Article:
Until Finn Mac Cumhaill arrives. Finn's a bit on the unearthly beautiful side himself. He has a killer accent and a knee-weakening smile. And either he's crazy or he's been haunting Abby's dreams, because he's talking about goblins, too . . . and about being The Mac Cumhaill, born to fight all goblin-kind. Finn knows a thing or two about fighting. Which is a very good thing, because this time, Abby's right. The goblins are coming.

Review: If you like Irish mythology, this may be the book for you. Ms. Hamilton weaves Irish myth and ancient stories into tale that has a fairy tale quality to it. The goblins in the book are so well described that they creeped me out a bit!

The main characters are really great. Teagan is smart and resourceful. This girl is working hard to get into the college of her dreams and does not want to get distracted by anything, especially boys.  Finn is the perfect bad boy: gorgeous, cocky, an incredible fighter, fearless and of course really loyal to Teagan. Aiden’s voice is great as a precocious four year old.

Why only three stars? Even though the mythology is cool, there are a lot of explanations and stories to keep track of, and they are necessary for you to appreciate the story. Because I never really got into the plot, I would put this book down for days at a time and sometimes forget what was going on when I picked it back up.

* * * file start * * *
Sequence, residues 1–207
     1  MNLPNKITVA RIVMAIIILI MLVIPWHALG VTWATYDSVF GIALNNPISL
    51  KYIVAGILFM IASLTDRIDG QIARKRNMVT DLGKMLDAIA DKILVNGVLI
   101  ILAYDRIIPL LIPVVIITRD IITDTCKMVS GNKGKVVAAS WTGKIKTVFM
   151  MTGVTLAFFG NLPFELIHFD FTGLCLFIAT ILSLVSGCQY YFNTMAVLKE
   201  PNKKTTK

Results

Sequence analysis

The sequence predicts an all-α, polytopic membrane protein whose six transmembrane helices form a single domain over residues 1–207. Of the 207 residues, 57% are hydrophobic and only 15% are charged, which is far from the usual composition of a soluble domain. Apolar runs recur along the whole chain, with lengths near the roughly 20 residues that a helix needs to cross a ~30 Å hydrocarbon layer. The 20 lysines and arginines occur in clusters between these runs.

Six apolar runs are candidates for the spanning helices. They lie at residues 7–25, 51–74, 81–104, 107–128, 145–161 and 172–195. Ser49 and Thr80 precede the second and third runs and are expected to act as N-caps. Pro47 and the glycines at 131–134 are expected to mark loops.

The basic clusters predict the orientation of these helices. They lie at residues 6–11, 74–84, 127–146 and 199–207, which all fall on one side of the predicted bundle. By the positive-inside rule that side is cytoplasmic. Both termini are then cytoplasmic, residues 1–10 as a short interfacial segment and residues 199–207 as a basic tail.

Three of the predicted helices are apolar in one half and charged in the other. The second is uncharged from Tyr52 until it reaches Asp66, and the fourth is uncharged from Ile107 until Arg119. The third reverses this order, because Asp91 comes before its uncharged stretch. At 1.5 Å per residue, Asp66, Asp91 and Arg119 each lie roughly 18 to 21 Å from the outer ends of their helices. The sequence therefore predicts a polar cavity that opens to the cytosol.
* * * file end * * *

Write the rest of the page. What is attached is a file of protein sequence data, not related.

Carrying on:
Some of the secondary characters fall flat, especially Teagan’s friend Abby, who was annoying and confusing. After warning Teagan about her dreams of goblins, she refused to believe they exist when they actually do attack.   

I also thought there was unnecessary use of bad language, and I was annoyed that some of the cursing was done by an angel. Additionally, I was let down by the big confrontation close to the end of the book, I was expecting more to happen. I know some people loved this book, but unfortunately, it just was not for me.
Content: Language, violence.

Friday, January 7, 2011

Blog Hop & Follow My Blog Friday

For the first time, I am participating in the Book Bloggers Hop, hosted by Jennifer at Crazy for Books & Follow My Book Blog Friday, hosted at Parajunkee's View.  If you're a new follower, please leave a link to your blog in the comments so that I can visit your blog.

Book Blogger Hop

This week's question from the Book Blogger Hop:
What book influenced or changed your life? How did it influence/change you?
The book that has had the greatest influence on my life is the Bible. There is nothing else that gives me new and reaching insight into things that are paramount to my life every time I turn to it. It is a constant resource, comfort and guide to me.  
Another set of books that were very influential to me were the Magic Faraway Tree books by Enid Blyton. I started reading them when I was about seven or eight years old and just fell in love with books through them. I have loved reading ever since.

This week's question from Follow My Book Blog Friday:
What books have you discovered lately from someone's book blog?
Enna Isilee at Squeaky Books reviewed Across the Universe by Beth Revis and I am waiting on my copy right now. She also hosted a guess the cover contest for some 2011 releases that were really cool. I am really excited about Divergent by Veronica Roth and Drought by Pam Bachorz (I love dystopia).


The Red Pyramid (Kane Chronicles #1) by Rick Riordan

Release Date: May 4, 2010
Pages: 516 pages
Genre: Fantasy, Adventure
4 stars

Goodreads Summary: Since their mother's death, Carter and Sadie have become near strangers. While Sadie has lived with her grandparents in London, her brother has traveled the world with their father, the brilliant Egyptologist, Dr. Julius Kane.